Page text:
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  SOS Rhino : In The News : Newsletter : August 2005


SOS Rhino Review
August 2005

Welcome to the SOS Rhino Review, a newsletter about rhinos from SOS Rhino. You’ll find links to interesting articles here as well as updates on our efforts to save rhinos all over the world. Let us know if you’d rather not receive this newsletter.

And now, let's go to the rhino news.

1. Feature Stories
2. World Rhino News
3. Donor Appreciation
4. Find It On Our Web Site
5. Trivia Questions
6. How You Can Help
7. Trivia Answers
8. About Us


Full Stories Are Available Via Web Links

 

1. Feature Stories

MONTHLY FIELD REPORT
June 2005
Cathy Dean, Director of Save the Rhino International was in Sabah from 27th June 2005. In the afternoon, I accompanied Cathy, her husband Kenneth and friend Nick Cobbutt to pay a courtesy call on Mr. Mahedi Andau, Director of Wildlife Department Sabah at his office. Andau’s deputy Mr. Laurentius Ambu and senior officer Ms. Jumrafiah Abdul Shukor were also present. Cathy took time to brief them about her organization and its role in rhino conservation. She specifically mentioned the current campaign of European zoos to save the rhinos.

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SEPILOK REPORT
February and March 2005
Steve Romo a Sumatran rhino keeper from Los Angeles Zoo came to visit us in Sepilok. Steve can be called "the father" of the first Sumatran rhino born in captivity. He had been head rhino keeper at the Cincinnati Zoo when the successful breeding was achieved. He took care of Andalas, the first Sumatran rhino born in captivity in 112 years, and he moved with him to Los Angeles Zoo when he grew older. Steve was also involved in the breeding program in Sungai Dusun, West Malaysia for two years.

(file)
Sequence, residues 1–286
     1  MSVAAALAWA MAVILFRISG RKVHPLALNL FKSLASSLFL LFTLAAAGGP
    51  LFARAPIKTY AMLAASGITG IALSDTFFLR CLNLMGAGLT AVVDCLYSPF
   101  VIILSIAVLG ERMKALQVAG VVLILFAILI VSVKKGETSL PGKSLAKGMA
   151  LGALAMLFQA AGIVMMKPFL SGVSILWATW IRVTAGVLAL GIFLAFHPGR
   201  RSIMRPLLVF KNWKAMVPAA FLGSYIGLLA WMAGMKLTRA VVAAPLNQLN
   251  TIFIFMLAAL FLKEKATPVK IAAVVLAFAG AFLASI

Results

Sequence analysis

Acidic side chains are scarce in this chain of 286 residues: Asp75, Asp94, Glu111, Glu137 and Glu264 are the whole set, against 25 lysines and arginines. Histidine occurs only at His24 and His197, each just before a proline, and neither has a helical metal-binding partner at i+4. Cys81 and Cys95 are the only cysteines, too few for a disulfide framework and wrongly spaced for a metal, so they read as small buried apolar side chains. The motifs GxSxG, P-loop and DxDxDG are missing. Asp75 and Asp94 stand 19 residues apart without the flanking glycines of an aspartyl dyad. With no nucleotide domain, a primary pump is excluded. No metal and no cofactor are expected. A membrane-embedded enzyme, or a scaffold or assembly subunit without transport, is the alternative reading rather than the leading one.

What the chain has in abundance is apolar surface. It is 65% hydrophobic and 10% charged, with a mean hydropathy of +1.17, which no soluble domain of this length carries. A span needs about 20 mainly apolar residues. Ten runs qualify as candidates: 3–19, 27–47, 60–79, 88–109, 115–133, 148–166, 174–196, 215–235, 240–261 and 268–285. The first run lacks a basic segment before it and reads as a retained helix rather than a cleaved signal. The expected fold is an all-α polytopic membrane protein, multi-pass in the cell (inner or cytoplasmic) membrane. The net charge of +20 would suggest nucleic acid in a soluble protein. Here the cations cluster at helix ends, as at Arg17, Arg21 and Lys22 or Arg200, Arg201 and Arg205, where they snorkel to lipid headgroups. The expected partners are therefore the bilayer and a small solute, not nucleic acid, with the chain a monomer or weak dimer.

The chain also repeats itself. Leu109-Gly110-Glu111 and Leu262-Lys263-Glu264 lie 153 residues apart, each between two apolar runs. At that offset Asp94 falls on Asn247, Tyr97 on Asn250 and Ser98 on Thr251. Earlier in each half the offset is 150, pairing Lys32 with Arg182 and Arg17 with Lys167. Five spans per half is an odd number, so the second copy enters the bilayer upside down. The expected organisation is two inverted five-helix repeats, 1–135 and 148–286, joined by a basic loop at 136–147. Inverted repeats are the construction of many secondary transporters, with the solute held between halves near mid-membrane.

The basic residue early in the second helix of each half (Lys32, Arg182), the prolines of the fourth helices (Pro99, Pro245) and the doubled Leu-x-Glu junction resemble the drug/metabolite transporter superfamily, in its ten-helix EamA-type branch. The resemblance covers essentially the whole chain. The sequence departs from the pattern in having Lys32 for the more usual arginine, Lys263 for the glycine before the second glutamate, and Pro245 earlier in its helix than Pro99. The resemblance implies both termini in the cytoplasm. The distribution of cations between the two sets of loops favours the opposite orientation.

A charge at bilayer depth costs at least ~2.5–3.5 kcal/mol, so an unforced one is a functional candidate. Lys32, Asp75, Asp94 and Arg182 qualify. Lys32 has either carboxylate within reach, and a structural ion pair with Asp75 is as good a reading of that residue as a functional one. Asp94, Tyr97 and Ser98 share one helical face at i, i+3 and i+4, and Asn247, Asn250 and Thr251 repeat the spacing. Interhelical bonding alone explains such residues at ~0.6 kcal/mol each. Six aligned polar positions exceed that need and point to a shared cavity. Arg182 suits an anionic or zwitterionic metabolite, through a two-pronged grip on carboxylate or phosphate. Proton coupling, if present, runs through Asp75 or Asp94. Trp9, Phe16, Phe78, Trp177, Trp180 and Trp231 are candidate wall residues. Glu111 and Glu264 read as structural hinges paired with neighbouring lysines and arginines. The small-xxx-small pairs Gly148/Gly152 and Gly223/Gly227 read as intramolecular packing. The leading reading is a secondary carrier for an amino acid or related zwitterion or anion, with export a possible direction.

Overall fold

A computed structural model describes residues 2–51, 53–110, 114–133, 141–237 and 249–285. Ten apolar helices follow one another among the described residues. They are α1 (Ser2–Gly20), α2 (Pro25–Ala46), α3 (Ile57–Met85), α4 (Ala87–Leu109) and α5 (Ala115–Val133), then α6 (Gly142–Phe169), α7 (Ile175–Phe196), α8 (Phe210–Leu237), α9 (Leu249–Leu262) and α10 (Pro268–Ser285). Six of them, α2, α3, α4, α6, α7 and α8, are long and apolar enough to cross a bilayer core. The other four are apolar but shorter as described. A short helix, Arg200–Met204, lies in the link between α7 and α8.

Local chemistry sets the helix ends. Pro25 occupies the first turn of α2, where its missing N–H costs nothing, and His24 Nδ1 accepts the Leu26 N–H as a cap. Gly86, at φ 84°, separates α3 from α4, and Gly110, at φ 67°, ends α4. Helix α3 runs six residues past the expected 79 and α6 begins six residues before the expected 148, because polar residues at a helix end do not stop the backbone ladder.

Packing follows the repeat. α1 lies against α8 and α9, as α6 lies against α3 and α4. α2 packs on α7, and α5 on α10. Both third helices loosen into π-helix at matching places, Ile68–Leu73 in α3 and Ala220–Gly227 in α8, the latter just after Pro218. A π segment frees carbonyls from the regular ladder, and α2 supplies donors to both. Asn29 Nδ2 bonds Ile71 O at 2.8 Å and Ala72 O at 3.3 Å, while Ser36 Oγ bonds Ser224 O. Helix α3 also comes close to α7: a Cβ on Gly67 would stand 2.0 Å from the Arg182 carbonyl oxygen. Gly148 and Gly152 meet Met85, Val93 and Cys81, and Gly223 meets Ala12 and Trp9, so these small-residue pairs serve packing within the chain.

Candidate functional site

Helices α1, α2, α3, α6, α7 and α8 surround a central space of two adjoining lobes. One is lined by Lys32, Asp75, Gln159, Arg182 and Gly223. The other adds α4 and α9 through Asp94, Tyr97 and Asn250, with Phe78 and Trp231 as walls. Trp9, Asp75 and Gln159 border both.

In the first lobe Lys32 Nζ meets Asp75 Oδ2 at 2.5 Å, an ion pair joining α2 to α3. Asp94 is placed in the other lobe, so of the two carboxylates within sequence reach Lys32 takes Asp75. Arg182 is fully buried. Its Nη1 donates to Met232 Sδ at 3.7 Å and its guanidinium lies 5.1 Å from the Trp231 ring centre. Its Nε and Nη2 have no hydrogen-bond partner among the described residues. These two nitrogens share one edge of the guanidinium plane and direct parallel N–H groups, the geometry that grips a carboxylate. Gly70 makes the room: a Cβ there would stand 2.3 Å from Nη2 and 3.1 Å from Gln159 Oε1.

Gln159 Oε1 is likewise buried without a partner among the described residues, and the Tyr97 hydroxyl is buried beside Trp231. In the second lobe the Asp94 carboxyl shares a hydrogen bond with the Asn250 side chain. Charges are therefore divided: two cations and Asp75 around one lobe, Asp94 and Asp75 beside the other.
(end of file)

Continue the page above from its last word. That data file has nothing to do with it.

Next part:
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2. World Rhino News

Assamese youth initiate drive to save Kaziranga wild life
The youths of Assam have now stepped in to save the wildlife of the world famous Kaziranga National Park. Young men patrol through the night along the highways to prevent speeding vechicles from over-running wild animals crossing over during the monsoon season.

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Wild animals poaching control measures adopted
New strategies have been adopted to check the poaching and smuggling of wild animals of rare species like one-horned rhino in the Royal Chitwan National Park and around the park.

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3. Donor Appreciation

SOS RHINO wishes to acknowledge the following individuals, organizations, and foundations for their generous support of our programs. Their support comes in many forms: donation of their expertise and time, funds for specific programs and equipment, and donation of products. THANK YOU!

Click HERE to view the list of our donors!

4. Find It On Our Web Site

Our Partners in Conservation
SOS Rhino is committed to collaborating with conservation organizations and other groups from around the globe. Here is a list of our partners in conservation.

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5. Trivia Questions


1. TRUE OR FALSE: Rhino horns are not real horns.